The amazing concertina cactusResource
Do you have a dried up cactus lurking in your classroom? Treasure it – it is a valuable educational resource.
A class of Year 3 and Year 4 pupils visited the Cambridge University Botanic Gardens. In the cactus house they speculated about highly indented cacti. Perhaps the shape enabled it to swell up quickly to make the most of any rain in the desert? We wondered what would happen if we watered our dried up cactus in the classroom. You might like to investigate this:
1. Before watering the cactus, make some measurements which will allow you to record any changes in the shape and size of the cactus.
2. Make a series of angle cards in steps of 5 degrees, between 45 and 90 degrees.
3. Estimate the angle of the indentations, using these cards and testing for the best fit.
4. Water the cactus by soaking it in a large bowl of water for 24 hours.
5. Re-measure the cactus each day for the next 7 or 10 days and record the results.
- Where should you measure the cactus to record any changes?
- How can you be sure to take the measurements in the same place each day?
- What would you expect to happen? Make a note of your ideas.
- How soon did you see any changes in the cactus?
- What happened?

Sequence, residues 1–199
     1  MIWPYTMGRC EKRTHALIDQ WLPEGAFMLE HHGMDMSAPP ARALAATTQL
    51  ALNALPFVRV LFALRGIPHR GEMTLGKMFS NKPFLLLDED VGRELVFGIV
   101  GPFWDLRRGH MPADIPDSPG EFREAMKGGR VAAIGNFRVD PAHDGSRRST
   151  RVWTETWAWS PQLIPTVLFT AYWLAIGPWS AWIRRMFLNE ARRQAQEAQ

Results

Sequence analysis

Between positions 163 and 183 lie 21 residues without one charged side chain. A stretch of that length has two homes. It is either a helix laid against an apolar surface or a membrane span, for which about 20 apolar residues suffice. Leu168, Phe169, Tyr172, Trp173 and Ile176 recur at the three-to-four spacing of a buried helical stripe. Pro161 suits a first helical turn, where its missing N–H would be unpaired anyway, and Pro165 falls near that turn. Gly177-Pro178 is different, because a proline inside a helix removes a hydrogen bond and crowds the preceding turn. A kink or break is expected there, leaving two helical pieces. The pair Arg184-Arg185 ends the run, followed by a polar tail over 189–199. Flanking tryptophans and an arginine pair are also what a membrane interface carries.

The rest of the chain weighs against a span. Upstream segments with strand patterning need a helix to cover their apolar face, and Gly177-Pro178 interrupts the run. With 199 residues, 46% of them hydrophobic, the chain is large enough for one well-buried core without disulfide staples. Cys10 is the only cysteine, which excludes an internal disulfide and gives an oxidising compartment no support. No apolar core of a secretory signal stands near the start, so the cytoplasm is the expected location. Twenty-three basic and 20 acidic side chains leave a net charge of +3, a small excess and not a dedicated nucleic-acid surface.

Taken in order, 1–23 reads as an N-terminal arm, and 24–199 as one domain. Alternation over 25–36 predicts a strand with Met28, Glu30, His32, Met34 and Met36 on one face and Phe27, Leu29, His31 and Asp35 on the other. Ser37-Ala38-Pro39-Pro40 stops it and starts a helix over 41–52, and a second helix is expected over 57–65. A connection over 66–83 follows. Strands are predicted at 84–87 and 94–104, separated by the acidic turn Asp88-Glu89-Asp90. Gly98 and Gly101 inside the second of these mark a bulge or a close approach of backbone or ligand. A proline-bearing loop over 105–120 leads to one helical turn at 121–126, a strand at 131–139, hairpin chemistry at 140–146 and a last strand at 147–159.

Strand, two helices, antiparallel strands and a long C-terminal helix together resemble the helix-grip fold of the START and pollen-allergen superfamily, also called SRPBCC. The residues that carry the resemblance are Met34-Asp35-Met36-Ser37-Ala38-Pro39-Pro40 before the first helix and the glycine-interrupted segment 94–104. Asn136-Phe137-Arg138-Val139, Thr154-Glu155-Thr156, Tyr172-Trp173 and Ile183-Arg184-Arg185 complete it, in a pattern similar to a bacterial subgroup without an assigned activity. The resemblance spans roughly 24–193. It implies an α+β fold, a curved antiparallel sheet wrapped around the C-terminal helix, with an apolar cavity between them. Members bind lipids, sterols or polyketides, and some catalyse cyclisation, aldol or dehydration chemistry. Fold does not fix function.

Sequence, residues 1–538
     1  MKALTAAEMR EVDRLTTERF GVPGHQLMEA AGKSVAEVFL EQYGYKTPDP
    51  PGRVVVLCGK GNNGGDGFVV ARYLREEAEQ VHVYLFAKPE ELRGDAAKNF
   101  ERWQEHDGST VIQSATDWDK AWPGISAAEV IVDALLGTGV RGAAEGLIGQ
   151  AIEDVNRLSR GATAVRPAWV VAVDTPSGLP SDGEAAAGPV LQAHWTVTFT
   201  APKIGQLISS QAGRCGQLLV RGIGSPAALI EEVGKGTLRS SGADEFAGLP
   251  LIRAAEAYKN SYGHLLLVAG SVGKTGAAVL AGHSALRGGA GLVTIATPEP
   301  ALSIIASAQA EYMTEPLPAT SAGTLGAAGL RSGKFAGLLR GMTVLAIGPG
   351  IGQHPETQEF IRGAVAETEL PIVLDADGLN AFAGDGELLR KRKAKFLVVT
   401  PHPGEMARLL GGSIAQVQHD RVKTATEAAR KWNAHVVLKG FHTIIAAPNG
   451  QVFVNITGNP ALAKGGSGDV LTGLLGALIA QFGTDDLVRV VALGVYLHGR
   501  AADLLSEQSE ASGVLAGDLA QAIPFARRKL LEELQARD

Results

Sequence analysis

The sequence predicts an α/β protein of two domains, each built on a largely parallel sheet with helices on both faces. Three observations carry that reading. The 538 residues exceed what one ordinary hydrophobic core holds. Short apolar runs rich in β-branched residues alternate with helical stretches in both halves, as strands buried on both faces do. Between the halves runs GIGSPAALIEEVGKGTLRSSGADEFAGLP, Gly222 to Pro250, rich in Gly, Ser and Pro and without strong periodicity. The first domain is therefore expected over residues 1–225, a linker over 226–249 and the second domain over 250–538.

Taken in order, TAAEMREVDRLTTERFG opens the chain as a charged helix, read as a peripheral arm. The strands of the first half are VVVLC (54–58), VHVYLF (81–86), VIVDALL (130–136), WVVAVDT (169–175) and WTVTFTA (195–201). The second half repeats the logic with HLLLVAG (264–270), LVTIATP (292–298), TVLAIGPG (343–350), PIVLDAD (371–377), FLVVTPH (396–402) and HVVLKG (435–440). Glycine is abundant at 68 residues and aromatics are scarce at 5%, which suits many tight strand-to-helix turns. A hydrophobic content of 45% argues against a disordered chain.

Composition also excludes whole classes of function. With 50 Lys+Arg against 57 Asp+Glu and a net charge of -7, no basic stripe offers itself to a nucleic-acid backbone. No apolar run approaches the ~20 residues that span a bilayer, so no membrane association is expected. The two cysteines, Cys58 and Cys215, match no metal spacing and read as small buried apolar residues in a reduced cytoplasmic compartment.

- Did what happened agree with what you thought would happen?
- What mathematical ideas are introduced by this experiment?
We thank Veronica Hanke of Dry Drayton School, Cambridge for this idea and Linda Gray for the illustrations.
More about the amazing concertina cactus and some data collected by pupils
Last summer I took a class of year 3 and 4 to the Cambridge University Botanic Gardens. In the cactus house, they speculated about highly indented cacti. Perhaps the shape enable them to swell up quickly to make the most of the rain in the desert? Andrew asked “Would it happen if we watered our dried up classroom cactus?”
Before watering, we did some measuring. We used a tape to measure its girth at three places: at its widest point, near the top and near the base. The children then made a set of angle cards in steps of 5 degrees, between 50 and 85 degrees, and estimated the angle of indentation by testing for the best fit. The children ensured that the same fold was always measured by identifying two sites on the cactus with red and black marker pens. On Monday morning we put the cactus into a washing up bowl of water and left it for 24 hours.
We re-measured the cactus at the same time every day for just over a week. We all found the results unexpected and fascinating.
The data the children collected told the story of how the cactus was reacting to a changed environment. They learned that angles and centimetres could be used to explain the world around them. It seemed that their theory could be valid. First the cactus swelled up at the widest point, and then its folds widened. The woody base stayed much the same. At no point did the cactus split.
We took the work to show at the Cambridge Natural History Society Conversazione where it generated a lot of interest. Cactus experts and scientists of all sorts talked to the children about their work. They gradually realised, with increasing excitement, that what they had done was original, interesting and valid enough to be part of the real world of science.